"Landscapes have inspired artists for generations but for me a landscape has to be felt."

Artists Statement

My work uses a single pure jar form as a canvas to map my observations from an ongoing study of my surroundings. I incorporate stone and locally dug clay into my work to create a narrative, one that conveys a unique sense of place. The unpredictable nature of each jar comes from the inclusions and their metamorphosis during firing. This individuality and tension between materials speaks of the human condition and how the landscape shapes us as individuals.

Landscapes have inspired artists for generations but for me a landscape has to be felt. To depict it is always going to fall short. I was inspired by archaeological theories that the Menhirs of prehistory are a veneration of the landscapes that surrounds them. With my site-specific work I too am venerating the landscape. By placing a Jar at a particular location within the landscape I hope that it will make us look beyond the object to its surroundings.

My work is also about change, about natural cycles and the transience of human endeavor. Part of my ‘Earth to Earth’ project is to illustrate one cycle as a metaphor for all. I placed a raw, unfired Jar at the top of Carn Treliwyd in Pembrokeshire. Made from the earth; the wind and rain will return it back to the earth. Clay in turn is created from the weathering of igneous rocks upon which this unfired Jar stands.

Paths are a motif I use to represent my actual and metaphoric journeys through a place. To understand a landscape is to move through it, to give it context. Paths are like common routes of experience, guiding us through the landscape. They are connections through time, to others and to the land. Ultimately my work is about being present within a landscape.

The Studio

The studio was purpose built in 2006 as an internal space within an old farm barn, which also houses my kiln and a couple of donkeys. I did the work myself after completing my course in Ireland. It is well equipped with three wheels, slab roller, extruder, electric kiln and of course my 80 cubic foot wood fired kiln.

All of my work is made in the studio except when the weather is good I take the wheels outside and throw in the sun. Partly because it’s nice but mainly because of the speed with which the pots dry, making me able to get a lot more done.

I have a designated glaze research area where I try to develop new glazes, experimenting with local materials that I have collected from the surrounding area.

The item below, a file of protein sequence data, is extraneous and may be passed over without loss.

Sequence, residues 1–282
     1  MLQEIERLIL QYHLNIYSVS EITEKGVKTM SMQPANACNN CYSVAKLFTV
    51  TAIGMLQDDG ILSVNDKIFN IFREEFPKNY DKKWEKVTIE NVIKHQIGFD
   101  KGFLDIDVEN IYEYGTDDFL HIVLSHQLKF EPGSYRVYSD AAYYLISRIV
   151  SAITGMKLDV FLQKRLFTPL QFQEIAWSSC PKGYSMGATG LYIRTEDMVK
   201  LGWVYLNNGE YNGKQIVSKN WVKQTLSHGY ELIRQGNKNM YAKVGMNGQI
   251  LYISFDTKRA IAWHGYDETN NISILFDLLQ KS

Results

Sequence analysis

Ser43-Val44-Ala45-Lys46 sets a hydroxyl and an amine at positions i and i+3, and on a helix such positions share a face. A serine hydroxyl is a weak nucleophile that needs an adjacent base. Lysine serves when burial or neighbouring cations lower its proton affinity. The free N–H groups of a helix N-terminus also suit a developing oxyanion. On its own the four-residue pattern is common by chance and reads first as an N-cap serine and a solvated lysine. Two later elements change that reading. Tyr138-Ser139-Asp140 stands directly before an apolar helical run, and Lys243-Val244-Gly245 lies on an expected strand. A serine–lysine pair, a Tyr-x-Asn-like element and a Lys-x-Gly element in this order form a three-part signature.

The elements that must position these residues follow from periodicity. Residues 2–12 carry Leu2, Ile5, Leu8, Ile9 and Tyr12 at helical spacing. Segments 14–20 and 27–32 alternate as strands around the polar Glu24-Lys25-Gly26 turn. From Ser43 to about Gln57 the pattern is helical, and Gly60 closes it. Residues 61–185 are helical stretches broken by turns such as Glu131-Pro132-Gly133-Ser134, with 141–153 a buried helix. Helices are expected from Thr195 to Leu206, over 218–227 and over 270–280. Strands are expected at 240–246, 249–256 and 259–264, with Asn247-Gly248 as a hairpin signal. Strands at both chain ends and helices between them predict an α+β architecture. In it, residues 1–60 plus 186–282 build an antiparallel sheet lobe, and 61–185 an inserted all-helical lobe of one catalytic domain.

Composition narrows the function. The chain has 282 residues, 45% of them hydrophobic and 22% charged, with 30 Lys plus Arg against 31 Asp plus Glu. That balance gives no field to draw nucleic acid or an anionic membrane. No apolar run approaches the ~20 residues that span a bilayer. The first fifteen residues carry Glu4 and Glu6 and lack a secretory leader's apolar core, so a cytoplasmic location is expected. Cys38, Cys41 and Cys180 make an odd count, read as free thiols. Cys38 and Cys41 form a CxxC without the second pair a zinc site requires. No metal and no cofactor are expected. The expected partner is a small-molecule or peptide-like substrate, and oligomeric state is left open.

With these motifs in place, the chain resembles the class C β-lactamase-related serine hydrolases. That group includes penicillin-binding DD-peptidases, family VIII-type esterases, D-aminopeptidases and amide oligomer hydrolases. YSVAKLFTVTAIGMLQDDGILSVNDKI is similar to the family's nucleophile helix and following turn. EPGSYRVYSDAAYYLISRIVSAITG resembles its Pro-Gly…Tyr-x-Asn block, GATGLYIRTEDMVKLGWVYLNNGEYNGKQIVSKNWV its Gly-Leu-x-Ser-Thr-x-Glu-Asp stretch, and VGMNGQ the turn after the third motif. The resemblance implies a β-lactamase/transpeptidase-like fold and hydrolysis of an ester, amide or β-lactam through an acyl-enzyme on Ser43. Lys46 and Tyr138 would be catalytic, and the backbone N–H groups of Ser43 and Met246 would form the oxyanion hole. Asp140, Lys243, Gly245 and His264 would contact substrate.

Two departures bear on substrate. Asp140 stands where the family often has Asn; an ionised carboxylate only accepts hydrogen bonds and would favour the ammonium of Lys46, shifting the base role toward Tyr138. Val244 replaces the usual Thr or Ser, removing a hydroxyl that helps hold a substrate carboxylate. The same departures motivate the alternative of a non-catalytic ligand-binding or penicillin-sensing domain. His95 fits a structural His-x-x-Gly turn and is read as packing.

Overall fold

The Kiln

I built my kiln at the beginning of 2007 from plans supplied by Joe Finch. It was a great project and an important one that gave me a deeper understanding of kilns and how to fire them. It is a large kiln at 80 cubic feet (or 4”x4”x5”), which I fire with off-cuts from a sawmill in the nearby Preseli Hills.

The kiln fires to stoneware temperatures of 1300°c. Due to its fast fire downdraft design firings can be as short as nine hours.

Firing a wood kiln is very involved, the constant stoking giving you a strong connection to the process that turns raw earth into glass and stone. The direct contact with ash and flame brings a subtle earthiness to my work. The unexpected nuances in each piece resulting from the firing reinforce my works connection with the natural environment and the unique processes that shape the landscape.

Local Materials

The collection and use of local materials is integral to my work. I intentionally source my own local materials, using them unrefined to show my personal relationship with the landscape, the materials within it and my past experiences from where they were collected.

My research into local materials is ongoing. I have tested a number of local clays dug from the nearby moor-land, which I either blend with other clays or apply to the surface of a pot as a slip. The beach aggregate I use is a coarse black sand from the coast behind the studio, where I also collect seaweed.

I am constantly bringing different stones back to test. My next investment will be a ball mill, which will enable me to make powders from local geological samples, for use in glazes. It is a great pleasure to get out of the studio and into the beautiful surroundings to collect new samples.

Upcoming Exhibitions

New Work Online

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